The Defendant argues that Plaintiff lacks standing to challenge the foreclosure and I agree. "[U]nder Massachusetts law a mortgagor has standing only "to challenge a mortgage assignment as invalid, ineffective or void" but not "to challenge shortcomings in an assignment that render it merely voidable at the election of one party but otherwise effective to pass legal title.'" Wilson v. HSBC Mortg. Services, Inc., 744 F.3d 1, 9 (1st Cir. 2014)(citing Culhane v. Aurora Loan Servs. Of Neb., 708 F.3d 282, 291 (1st Cir. 2013)). "[A] scrivener's error will not invalidate an assignment if there is evidence that the assignment is otherwise valid." Clockedile, 189 F. Supp. 3d 312, 315 (D. Mass. 2016) (citing Sullivan v. Kondaur Capital Corp., 85 Mass. App. Ct. 202, 213 (2014)). In Clockedile, this Court found that although the assignment referenced an expired power of attorney, there was a legally valid power of attorney at the time of the assignment granting the defendant proper authority to foreclosure. Therefore, because the assignment was only voidable at the election of one of the parties to the assignment, the plaintiff lacked a "legally cognizable stake" in the error of assignment to assert the claim. Clockedile, 189 F. Supp. 3d at 315 (quoting Bank of New York Mellon Corp. v. Wain, 85 Mass. App. Ct. 498, 502 (2014)).

The Plaintiff argues that because there is no evidence that NCC ever assigned its rights to NC&C Inc., there is a gap between the First and Second Assignments and the Defendant was not the record holder of the Mortgage at the time of foreclosure by pointing to U.S. Bank Nat. Ass'n v. Ibanez, 458 Mass. 637 (2011). However, in Ibanez, the assignment of the mortgage to the foreclosing parties was not executed or recorded until after the foreclosure. Therefore, the court found that the foreclosing parties lacked legal authority to foreclose at the time of sale because they were not the record holders' of the mortgages. Ibanez, 458 Mass. at 651 ("the foreclosing entity must hold the mortgage at the time of the notice and sale in order to accurately identify itself as the present holder in the notice and in order to have the authority to foreclose under the power of sale"). While not entirely clear from the Complaint or Plaintiff's Opposition, it appears that the Plaintiff is arguing that in the absence of a "written assignment of the mortgage underlying the note, the assignment of the note does not carry with it the assignment of the mortgage." U.S. Bank Nat. Ass'n v. Ibanez, 458 Mass. 637, 652 (2011).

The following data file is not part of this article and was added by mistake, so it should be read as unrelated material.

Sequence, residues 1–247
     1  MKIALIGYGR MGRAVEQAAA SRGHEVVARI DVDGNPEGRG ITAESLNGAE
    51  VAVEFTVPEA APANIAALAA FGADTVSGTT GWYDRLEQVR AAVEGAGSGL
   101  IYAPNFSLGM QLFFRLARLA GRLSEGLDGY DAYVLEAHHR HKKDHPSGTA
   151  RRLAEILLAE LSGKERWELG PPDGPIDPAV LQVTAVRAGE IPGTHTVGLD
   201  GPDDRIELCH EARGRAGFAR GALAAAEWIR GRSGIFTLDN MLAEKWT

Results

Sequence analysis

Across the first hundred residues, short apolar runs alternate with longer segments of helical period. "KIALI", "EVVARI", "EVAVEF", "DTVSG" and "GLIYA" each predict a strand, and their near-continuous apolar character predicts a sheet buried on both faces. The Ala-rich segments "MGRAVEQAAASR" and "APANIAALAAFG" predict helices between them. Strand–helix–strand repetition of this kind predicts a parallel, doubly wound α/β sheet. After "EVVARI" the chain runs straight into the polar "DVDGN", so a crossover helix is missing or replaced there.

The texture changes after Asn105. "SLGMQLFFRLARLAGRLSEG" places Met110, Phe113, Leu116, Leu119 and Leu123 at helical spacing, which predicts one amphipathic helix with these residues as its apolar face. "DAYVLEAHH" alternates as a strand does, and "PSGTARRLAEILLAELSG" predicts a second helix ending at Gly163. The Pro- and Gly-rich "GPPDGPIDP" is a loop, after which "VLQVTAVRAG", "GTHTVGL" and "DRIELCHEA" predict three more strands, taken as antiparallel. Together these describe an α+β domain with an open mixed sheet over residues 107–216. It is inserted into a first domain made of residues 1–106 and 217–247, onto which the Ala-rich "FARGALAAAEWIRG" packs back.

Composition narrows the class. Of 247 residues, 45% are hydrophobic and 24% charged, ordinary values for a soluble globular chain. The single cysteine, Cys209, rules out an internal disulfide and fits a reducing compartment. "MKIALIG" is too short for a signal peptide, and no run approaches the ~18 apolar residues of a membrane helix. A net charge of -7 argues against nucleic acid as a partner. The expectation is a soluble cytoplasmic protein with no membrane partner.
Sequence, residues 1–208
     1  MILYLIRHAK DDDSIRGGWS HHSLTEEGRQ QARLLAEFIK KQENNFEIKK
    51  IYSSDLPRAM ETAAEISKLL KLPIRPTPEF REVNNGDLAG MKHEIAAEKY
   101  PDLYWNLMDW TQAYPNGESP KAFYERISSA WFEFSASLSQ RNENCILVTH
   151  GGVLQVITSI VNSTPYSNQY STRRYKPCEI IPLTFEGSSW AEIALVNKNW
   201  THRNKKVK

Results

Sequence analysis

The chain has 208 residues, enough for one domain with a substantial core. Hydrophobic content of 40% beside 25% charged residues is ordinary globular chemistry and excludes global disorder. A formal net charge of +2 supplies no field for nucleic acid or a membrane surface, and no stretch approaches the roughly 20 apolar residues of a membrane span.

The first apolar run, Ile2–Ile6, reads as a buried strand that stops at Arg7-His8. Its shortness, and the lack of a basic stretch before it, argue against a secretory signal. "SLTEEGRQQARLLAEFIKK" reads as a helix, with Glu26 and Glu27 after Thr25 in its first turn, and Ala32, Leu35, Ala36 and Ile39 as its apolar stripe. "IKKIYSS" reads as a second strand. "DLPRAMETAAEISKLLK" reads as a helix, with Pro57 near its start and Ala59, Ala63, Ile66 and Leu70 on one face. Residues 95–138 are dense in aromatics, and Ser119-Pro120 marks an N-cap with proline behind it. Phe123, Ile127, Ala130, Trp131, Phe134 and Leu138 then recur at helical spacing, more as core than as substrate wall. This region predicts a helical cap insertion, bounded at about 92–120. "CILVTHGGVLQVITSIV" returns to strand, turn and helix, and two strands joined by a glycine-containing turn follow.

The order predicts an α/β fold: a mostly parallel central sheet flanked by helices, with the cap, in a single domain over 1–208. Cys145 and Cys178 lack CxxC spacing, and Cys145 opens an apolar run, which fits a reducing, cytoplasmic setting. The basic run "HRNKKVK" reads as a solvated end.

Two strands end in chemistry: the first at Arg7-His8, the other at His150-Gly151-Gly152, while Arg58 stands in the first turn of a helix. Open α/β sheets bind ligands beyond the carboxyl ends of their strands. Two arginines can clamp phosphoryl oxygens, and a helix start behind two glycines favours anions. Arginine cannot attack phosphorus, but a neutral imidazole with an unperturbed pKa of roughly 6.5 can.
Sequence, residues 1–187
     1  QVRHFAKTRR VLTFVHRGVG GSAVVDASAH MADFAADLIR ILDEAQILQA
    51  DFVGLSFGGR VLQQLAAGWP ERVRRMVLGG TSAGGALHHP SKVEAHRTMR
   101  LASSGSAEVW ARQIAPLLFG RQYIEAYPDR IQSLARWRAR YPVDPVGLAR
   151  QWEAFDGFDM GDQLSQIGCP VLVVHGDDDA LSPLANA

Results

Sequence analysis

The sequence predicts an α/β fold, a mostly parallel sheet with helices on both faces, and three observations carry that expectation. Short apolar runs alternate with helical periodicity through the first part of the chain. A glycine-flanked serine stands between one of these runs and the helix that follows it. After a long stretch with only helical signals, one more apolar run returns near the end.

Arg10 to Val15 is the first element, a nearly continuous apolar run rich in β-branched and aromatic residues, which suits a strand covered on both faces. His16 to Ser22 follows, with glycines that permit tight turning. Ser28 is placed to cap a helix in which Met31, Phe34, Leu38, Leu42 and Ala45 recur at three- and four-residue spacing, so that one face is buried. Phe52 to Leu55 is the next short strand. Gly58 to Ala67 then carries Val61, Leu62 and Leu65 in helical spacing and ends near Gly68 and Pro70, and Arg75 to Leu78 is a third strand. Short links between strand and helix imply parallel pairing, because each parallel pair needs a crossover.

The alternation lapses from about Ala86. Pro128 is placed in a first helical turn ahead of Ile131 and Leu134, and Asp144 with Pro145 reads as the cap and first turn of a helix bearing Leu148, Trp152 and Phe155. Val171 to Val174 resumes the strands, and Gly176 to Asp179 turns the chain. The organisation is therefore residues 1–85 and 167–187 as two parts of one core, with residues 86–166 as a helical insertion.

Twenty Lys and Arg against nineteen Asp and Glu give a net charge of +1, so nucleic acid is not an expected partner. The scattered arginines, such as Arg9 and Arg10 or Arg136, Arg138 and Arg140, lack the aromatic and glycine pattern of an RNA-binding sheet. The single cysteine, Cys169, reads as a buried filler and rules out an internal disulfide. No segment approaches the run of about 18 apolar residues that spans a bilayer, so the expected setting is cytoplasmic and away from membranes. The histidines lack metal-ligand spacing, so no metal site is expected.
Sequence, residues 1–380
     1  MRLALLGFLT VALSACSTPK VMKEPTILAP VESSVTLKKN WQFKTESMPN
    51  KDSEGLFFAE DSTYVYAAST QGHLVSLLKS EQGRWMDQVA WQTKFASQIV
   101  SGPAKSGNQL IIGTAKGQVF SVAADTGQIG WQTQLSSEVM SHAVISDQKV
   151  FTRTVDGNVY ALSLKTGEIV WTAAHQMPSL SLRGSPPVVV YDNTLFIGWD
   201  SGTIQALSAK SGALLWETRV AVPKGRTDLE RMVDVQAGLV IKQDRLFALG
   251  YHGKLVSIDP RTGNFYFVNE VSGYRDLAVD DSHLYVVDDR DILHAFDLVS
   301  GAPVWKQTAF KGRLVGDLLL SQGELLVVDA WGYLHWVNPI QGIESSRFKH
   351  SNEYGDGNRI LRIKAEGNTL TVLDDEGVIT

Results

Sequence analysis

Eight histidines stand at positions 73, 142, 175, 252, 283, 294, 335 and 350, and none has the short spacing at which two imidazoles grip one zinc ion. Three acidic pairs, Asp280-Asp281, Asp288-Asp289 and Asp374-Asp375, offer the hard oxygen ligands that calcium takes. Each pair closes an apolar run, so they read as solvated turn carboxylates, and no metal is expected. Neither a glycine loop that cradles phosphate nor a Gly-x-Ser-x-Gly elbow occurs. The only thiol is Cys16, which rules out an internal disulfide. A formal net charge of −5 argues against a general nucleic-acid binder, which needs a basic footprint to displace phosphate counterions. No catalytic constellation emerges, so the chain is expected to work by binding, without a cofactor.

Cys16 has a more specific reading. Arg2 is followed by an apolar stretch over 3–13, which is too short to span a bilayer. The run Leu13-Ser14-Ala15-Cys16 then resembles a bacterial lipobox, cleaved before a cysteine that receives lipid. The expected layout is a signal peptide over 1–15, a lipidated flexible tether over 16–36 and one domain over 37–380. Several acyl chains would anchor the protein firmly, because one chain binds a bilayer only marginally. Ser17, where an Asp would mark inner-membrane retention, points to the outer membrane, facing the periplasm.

Here, the Mortgage was assigned, supported by the written document, and recorded prior to the foreclosure. The facts in this case are therefore, distinguishable from the facts in Ibanez. Although Plaintiff attempts to phrase her claim as a "present record holder" issue, it is clear that she is in fact attempting to challenge the scrivener's error in the face of the assignment document. This she cannot do.

The Plaintiff's other argument that the foreclosure was void because the Defendant violated M.G.L. c. 244, §14 by sending Plaintiff's bankruptcy counsel notice of the foreclosure instead her directly is also insufficient to state a claim. The affidavit of sale attached to the Complaint shows that Defendant complied with the statute and Plaintiff does not allege that she did not receive adequate notice prior to the sale or that she was prejudiced by the manner in which she received it.

To the extent the Plaintiff alleged a violation of M.G.L. c. 244, §17B, she concedes in her opposition brief that this allegation is misplaced and not relevant to the allegations at bar. --------

For these reasons, the Defendant's Motion to Dismiss (Doc. No. 12) is granted .


/s/ Timothy S . Hillman